Industrials Find Strength

 | Jan 13, 2012 | 3:30 PM EST  | Comments
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What does 2012 hold for the economy and investors? While economic forecasts can be fraught with risk, given the large number of variables that interact in sometimes complicated ways, knowing the 'lay of the land' is often critical to having a forward-looking view toward investing.

Earlier this month, in my 2012 forecast, "New Year, Same Problems," I outlined my case for subpar economic growth, with GDP growth in the range of 1.5% to 2.25%, with risks to the downside.

The Chicago Fed, meanwhile, just published a paper on its Economic Growth Symposium, a composite of forecasts from a number of economists. While the GDP growth forecast of 2.0% for 2012 is right in line with my own views, the research goes into more granularity of some industries that might benefit during the coming year. With that in mind, let's take a look at where we might see some brighter spots in an economy that, according to their forecasts, will still end 2012 with an unemployment rate of 8.8%.

One key element in any economic forecast is that not all parts of the economy are likely to grow at the same pace. Even some elements within the same sector may fare differently. As an example, the Chicago Fed cites auto sales, both U.S. and international. During the Great Recession, Americans bought far fewer cars than they had prior to the downturn. As a result, the average age of cars on the road is now more than 10 years old -- a record high. This means a lot of pent up demand exists for new cars in the U.S.; as a result, the economists surveyed expect new car sales to reach 13.4 million units this year, up from a projected 12.7 million units in 2011. So, even though they have forecast overall consumer spending to grow at just 2.0%, auto sales might advance 5.5%.

Auto sales are not just a U.S. phenomenon. In China and India in 2009, there were only 58 and 25 vehicles, respectively, on the road for every 1000 drivers; in the U.S., however, there are 1005 vehicles per 1000 drivers. This means that there is ample room for growth, especially if China engineers a shift toward domestic consumption, with less reliance on exports. Other emerging markets may see similar trends. Many of these autos are built in the U.S. or made abroad by U.S. companies.

While auto sales may be a bit discretionary in emerging markets, food isn't. As the world population grows and adopts a more protein-intensive diet, as I discussed in my column, "Cooking Up Leads in Emerging Markets," demand for things such as farming equipment and fertilizer will increase. This is further supported by elevated food prices and record highs for farm real estate values, according to the Chicago Fed, which leaves farmers flush with cash. This supports the purchase of heavy machinery used in agriculture. In fact, according to Frank Manfredi of Manfredi and Associates, total sales of farm tractors are expected to be up 6.1% in 2012, following a year with around 10% growth.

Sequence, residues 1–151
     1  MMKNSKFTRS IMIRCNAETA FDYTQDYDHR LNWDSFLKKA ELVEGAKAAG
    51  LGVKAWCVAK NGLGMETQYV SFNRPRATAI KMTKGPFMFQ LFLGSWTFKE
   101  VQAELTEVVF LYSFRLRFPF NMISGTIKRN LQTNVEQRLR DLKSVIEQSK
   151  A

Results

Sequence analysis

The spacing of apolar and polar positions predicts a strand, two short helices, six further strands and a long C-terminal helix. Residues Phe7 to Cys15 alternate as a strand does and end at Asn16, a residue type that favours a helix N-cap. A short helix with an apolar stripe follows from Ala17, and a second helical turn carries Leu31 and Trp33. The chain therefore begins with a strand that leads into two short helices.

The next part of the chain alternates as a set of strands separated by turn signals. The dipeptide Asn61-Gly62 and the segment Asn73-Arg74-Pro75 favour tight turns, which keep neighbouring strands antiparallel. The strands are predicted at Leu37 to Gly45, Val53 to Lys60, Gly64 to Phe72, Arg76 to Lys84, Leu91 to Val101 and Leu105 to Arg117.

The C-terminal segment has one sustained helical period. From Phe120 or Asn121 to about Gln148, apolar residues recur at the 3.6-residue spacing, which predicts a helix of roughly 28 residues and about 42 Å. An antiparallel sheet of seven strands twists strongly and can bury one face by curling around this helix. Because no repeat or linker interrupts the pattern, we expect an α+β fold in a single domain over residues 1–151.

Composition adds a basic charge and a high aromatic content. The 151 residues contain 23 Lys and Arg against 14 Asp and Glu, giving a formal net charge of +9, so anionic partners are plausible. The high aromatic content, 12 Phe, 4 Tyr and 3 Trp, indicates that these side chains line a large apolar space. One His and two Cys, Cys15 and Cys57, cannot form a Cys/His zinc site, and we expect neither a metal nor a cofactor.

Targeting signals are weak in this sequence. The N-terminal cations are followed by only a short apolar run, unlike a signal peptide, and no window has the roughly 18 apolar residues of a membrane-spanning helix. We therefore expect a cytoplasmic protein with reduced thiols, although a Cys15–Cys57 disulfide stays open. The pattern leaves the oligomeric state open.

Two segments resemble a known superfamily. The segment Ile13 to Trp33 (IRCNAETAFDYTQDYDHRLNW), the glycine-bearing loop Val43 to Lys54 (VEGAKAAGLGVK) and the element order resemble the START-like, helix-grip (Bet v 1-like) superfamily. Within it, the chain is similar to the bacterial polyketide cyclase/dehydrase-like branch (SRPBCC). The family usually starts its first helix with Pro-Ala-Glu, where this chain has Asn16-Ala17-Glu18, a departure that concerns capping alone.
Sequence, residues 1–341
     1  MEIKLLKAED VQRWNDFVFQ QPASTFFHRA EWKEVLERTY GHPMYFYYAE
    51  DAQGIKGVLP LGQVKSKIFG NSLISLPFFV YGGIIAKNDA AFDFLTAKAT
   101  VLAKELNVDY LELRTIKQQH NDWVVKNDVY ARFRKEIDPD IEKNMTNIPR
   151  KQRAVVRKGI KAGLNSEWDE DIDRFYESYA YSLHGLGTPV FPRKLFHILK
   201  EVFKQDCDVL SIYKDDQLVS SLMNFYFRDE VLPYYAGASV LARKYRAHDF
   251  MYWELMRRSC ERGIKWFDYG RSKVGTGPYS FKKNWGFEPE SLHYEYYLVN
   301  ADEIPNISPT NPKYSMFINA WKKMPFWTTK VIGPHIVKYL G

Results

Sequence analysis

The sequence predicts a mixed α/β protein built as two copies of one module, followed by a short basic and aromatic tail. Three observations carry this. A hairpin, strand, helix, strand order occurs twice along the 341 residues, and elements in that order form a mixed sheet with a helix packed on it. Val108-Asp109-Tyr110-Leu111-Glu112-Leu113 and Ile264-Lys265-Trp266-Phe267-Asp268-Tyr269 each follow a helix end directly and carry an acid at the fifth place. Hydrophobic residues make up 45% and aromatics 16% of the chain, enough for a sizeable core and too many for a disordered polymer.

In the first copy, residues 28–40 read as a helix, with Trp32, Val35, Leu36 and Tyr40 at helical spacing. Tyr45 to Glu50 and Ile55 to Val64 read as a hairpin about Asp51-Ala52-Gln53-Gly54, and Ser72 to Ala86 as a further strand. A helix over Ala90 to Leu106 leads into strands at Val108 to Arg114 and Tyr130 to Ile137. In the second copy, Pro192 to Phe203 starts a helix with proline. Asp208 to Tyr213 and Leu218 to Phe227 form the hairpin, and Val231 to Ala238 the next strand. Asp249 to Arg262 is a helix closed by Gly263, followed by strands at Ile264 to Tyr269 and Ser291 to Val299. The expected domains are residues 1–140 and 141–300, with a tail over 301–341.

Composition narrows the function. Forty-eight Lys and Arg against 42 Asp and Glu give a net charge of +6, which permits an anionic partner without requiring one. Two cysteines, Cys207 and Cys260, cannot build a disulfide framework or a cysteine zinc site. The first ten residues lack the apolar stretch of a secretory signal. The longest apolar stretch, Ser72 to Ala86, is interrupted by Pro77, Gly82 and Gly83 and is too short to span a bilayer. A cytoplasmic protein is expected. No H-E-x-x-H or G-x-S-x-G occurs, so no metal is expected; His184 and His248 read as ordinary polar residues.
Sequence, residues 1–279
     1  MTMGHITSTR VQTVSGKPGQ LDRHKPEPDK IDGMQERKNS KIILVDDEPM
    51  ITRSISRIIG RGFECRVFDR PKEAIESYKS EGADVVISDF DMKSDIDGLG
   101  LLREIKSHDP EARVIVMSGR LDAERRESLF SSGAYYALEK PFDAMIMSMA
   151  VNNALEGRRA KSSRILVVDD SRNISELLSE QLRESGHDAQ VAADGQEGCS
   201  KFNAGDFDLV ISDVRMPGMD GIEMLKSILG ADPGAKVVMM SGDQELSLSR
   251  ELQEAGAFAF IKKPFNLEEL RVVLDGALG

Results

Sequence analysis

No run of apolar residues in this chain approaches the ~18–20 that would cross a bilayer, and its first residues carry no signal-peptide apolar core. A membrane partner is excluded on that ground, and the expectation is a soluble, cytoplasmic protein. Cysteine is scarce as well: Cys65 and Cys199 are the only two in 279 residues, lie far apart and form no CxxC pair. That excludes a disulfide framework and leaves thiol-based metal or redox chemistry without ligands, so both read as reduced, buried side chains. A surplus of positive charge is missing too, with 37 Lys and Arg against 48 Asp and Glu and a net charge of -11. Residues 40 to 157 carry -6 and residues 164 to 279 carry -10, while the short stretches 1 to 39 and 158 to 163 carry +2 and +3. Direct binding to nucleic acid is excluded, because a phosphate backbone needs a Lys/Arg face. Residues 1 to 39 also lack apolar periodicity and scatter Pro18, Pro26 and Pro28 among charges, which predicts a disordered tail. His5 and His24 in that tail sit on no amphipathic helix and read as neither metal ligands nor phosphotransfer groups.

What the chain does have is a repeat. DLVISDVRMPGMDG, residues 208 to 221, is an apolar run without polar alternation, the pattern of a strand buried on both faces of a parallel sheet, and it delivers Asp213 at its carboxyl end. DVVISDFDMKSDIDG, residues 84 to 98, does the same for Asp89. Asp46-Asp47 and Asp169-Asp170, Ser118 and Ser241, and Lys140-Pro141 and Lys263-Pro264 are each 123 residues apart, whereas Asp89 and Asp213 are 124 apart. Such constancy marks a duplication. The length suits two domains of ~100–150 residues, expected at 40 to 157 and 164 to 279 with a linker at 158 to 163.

Heavy machinery is not only used in agriculture, but mining, too, including extracting natural gas from shale deposits (despite the earthquakes attributed to fracking in the town where I grew up, Youngstown, OH). Construction is another sector that relies on heavy machinery, and while this area is still expected to be subdued in the U.S., other parts of the world could be more resilient. Research notes that China has overtaken the U.S. as the largest consumer of construction machines made in the world, consuming more than half of the equipment produced.

As a result, more steel is required to make these machines, and world steel consumption is expected to reach a record high of almost 1.5 billion metric tons in 2012, up from almost 1.4 billion metric tons in 2011. Emerging markets will spur much of this demand; China alone consumed 46% of all steel in 2011, as Robert DiCianni of ArcelorMittal USA notes. Steel consumption is expected to increase in the U.S. to 103.2 million tons in 2012, up from 65.1 million tons in 2009, but still below pre-recession levels.

Given this backdrop of demand for autos, heavy machinery and steel (and other basic materials used in manufacturing), industrial production has sharply rebounded in the U.S. from recessionary lows. The industrial sector, whose level of output fell by more than 17% during the Great Recession, has been increasing its production pace significantly since the end of the recession. From June 2009 through November 2011, industrial output grew at annualized rate of 5.4% during these two-plus years, recovering about two-thirds of the output lost during the recession.

Overall, I'm fairly constructive on the manufacturing sector in the U.S. However, one risk to U.S. manufacturers -- and, by extension, the U.S. economy -- is Europe. It's not just a matter of direct exports of goods to that region, which make up only about 2% of U.S. GDP, it's about trade that may shift toward European producers vs. American companies should the euro weaken considerably against the dollar. I discussed this risk in my column, "Trading One Risk for Another." As with any scenario, there are risks in either direction, so one must always consider the different paths that actual outcomes, not just forecasts, might follow.

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